Mercenaries and Murder in Iraq

As private security firms take on more responsibility in Iraq, no amount of regulation can stop tragedies from happening

It would be nice to celebrate the recent withdrawal of the remaining British troops from Iraq as the end of the UK's direct involvement in the military occupation there. But such festivities would unfortunately be premature.

The killing
last Sunday in Baghdad's Green Zone of two armed contractors working
for the London-based mercenary firm ArmorGroup by another British
contractor from the company, serves as a grim reminder that Brits are
still deeply involved in the prosecution of the war.

In fact,
with no countries officially left in the so-called "coalition of the
willing", contractors are now playing a more important role than ever,
as the Obama administration begins to slowly scale back the war in Iraq.

In June, a Pentagon report revealed that there are still 132,610 contractors in Iraq
- effectively doubling the size of the occupation - and that the use of
armed "private security contractors" in the country actually increased
by 23% during the second quarter of 2009.

The US defence
department doesn't break down its data by nationality, but the report
does specify that there are 60,244 "third country nationals", or
contractors that are neither American nor Iraqi, on the payroll in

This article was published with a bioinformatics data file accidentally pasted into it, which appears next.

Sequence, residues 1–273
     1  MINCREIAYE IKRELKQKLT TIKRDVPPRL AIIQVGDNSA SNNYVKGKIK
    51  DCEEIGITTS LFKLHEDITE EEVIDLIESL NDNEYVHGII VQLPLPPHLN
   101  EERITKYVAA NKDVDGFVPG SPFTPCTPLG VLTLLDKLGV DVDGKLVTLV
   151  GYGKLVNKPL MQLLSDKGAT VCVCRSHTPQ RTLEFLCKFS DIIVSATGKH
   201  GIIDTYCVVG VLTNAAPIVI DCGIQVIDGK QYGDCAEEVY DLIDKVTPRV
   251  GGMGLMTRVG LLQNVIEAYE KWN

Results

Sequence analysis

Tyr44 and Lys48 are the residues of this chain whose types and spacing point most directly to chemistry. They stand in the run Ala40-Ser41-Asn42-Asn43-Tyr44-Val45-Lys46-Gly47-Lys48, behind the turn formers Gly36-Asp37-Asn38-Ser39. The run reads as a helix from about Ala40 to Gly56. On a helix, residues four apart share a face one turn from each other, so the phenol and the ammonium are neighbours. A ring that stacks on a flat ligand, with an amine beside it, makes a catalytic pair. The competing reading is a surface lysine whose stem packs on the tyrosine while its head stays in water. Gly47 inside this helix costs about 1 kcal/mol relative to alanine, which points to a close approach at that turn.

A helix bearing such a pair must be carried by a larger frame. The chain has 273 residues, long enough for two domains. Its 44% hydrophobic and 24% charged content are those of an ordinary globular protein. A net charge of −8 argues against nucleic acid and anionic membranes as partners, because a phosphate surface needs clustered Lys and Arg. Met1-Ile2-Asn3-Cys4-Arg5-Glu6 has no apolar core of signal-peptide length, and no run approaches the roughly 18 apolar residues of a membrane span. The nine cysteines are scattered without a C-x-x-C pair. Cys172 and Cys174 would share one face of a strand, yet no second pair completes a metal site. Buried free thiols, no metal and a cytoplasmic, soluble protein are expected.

Iraq. Therefore, the number of British citizens that are part of this
shadow army is likely in the thousands.

Sunday's shooting
should also dispel the myth, if anyone still believes it, that
incidents like this are somehow avoidable. Unlike its competitors Dyncorp, Triple Canopy and Blackwater, whose outrageous scandals continue to mount, ArmorGroup has with few exceptions managed to steer clear of negative press.

Moreover, the company has been an outspoken advocate
for more rigorous vetting of armed contractors and for greater outside
regulation of the industry as a whole. Back in 2005, for example, an
ArmorGroup spokesman said:
"We are demanding regulation. It is extraordinary that ... any Joe Public
can get a Kalashnikov and work with a security company abroad. This is
an issue of accountability."

But when ArmorGroup hired Daniel
Fitzsimons, who shot his two co-workers during a scuffle after a late
night of drinking, the obvious warning signs were not heeded.

2007, Fitzsimons was fired and fined $3,000 for "extreme negligence" by
Aegis, another British mercenary firm in Iraq, after only a few months
on the job. Colleagues said that he had a history of violent conduct
and had "been a loose cannon for years".

Not surprisingly,
Fitzsimons was also apparently traumatised by his experiences in war.
On his Facebook and MySpace profiles he wrote about the challenges of
the "war inside your head" and his constant use of alcohol and drugs to numb the pain.

I come home from each rotation I give my liver, kidneys and brain cells
a good hiding to teach them a lesson, and to help me achieve this I get
as wasted as possible at every opportunity," he wrote. "Remember
reality is a condition caused by lack of drugs."

apparently did not pick up on these red flags, however, perhaps because
such personal problems are likely par for the course when you enter the world of mercenaries.
"Violent conduct" isn't a worrisome trait, but in the end what these
security contractors are trained to do. Hence, just as the "laws of
war" have not stopped soldiers from torturing and committing war
crimes, no amount of internal vetting or government regulation of the mercenary industry - even with the best of intentions - will be able to stop such tragedies from happening again.

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